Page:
Out at the Main Gate in Washington, DC




Healy Hall at Georgetown University, where the author attended college. Image credit: public domain

I WAS A FRESHMEN at Georgetown, America’s oldest Catholic university, when I realized I was gay, so it seems fitting that my coming out story should sound a lot like Saul of Tarsus on the road to becoming St. Paul—lightning bolt of recognition, life-altering epiphany.

In February 1968 I was walking back to the university from Washington’s Foggy Bottom, where a high school friend and her mother were staying for the weekend. The three of us had gone out for a long leisurely dinner, and it had grown late and cold. As I walked the cobblestone streets towards campus, it seemed God-sent when a car pulled beside me and the driver leaned over, rolled down the window, and asked if I wanted a ride. The wind was lacerating, the night speckled with snow, and I was all too aware that my flimsy denim jacket wasn’t cutting it. I hopped in.

One would think that the man’s face would be permanently imprinted in my mind, given his brief but pivotal role in my life. Truth is, I can’t remember anything about him except that he had a pleasant enough smile and was considerably older than me. Then again, I was eighteen, so most people seemed considerably older. He might have been all of 25. Or the ripe old age of thirty.

It was cold, we both agreed. Terribly cold. And snow was so rare in Washington. That was the extent of our conversation as we slowly drove Georgetown’s elegant dark streets. Then just as we crossed Wisconsin Avenue, he turned to me and asked, or at least I thought he asked, “The main gate?” and I chirped back yes, the main gate would be fine.

A silence, a pause, then slower this time, clearer: “Are you gay?”

Well, it wasn’t as if I had never thought about it. Every boy of that era relegated to right field had considered the possibility, hadn’t they? And there had been touching and tickling with a neighborhood boy at seven or eight. All kinds of furtive feelings that were banished and suppressed throughout high school. But gay? Me?

“No,” I replied. “I’m sorry.” The apology was entirely sincere. I was the kind of eager young man who didn’t like to disappoint others, and for this very kind man on this very cold night I was obviously a disappointment. “I really am sorry,” I repeated. “So sorry.”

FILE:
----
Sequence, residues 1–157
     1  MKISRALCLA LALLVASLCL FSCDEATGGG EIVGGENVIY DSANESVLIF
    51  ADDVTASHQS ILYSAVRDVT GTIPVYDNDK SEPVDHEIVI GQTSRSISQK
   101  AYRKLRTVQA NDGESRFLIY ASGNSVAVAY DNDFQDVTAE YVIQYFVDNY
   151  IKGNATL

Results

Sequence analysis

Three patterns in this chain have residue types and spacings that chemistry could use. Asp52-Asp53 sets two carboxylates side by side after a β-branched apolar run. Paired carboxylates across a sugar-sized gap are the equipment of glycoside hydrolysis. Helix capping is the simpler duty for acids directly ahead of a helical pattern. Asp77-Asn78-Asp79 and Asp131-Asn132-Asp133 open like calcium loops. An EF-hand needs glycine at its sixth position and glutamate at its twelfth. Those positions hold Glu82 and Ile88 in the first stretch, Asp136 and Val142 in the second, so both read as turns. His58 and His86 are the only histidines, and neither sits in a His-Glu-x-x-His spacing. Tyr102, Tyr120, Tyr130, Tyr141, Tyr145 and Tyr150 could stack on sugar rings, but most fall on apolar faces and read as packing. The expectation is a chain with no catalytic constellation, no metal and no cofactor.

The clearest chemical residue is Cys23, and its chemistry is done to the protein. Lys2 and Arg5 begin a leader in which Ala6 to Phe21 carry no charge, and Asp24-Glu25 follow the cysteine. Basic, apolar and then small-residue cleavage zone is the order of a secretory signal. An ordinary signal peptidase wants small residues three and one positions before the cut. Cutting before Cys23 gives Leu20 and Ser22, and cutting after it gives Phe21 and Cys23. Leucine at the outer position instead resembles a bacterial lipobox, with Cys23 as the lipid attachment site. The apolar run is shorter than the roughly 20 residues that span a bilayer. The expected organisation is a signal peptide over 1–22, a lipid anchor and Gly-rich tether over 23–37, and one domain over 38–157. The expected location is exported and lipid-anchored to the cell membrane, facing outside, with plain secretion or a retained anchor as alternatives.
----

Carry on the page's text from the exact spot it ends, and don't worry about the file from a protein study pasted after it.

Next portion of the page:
As requested, he dropped me off at the main gate. I apologized a few more times, thanked him yet again, then watched the car drift off into the night.

Head throbbing, heart pounding, I took a few steps towards my dorm, when a voice like a whirlwind rose from somewhere deep inside. “Yes, you are,” it insisted. “Yes, you are.” Suddenly everything made sense. I didn’t want to be like Jim Morrison; I just wanted him.

Back onto the cobblestone streets I went, desperate to find that car, to tell the guy yes, I was wrong, I am gay.

I walked for hours but the car, of course, was long gone. Shortly before dawn, I made my way to my dorm, shivering with cold and the new knowledge of who I was, eager to learn what that meant.

One thing I learned quickly was that there were streets in posh Georgetown where cars circled blocks and solitary men walked slowly, peering into car windows. I became one of those walkers, and eventually one of those cars stopped and offered me a ride. This time, asked where I was going, I replied, “Oh, anywhere,” and I knew the deal was sealed. The faceless man in the very tight jeans drove us to another part of town and I had my first gay sex in the front seat of a Ford Fairlane. President John F. Kennedy once quipped that Washington was a city of Southern efficiency and Northern charm, which was my experience exactly.

Some months later a guy took pity on me and took me to my first gay bar. I was a mass of nerves, so he picked an out of the way place on Capitol Hill, a dive really, and in late afternoon, when we walked in, it was fairly empty. That didn’t stop my hands from shaking so violently that my drink sloshed over the sides.

Then I looked around. There were a dozen or so men, mostly seated at the bar. But there were also a number of straight interracial couples. Washington was a provincial city—the furtive gay cruising just one example of its small-mindedness.

Truth is, what I learned from that first time in a gay bar was a lesson that would serve me well when Stonewall happened the following year: that all struggles for freedom and justice are intrinsically linked. That was the gospel I took with me that afternoon and it still serves me well, all these many years later.


Paul Genega is a poet, playwright, and Professor Emeritus of Creative Writing at Bloomfield College, New Jersey. His seventh volume of poetry, a New & Selected collection, is forthcoming from Salmon Poetry in 2022. He is also editor of Three Mile Harbor Press, which seeks new voices in LGBTQ, feminist and environmentally aware poetry.


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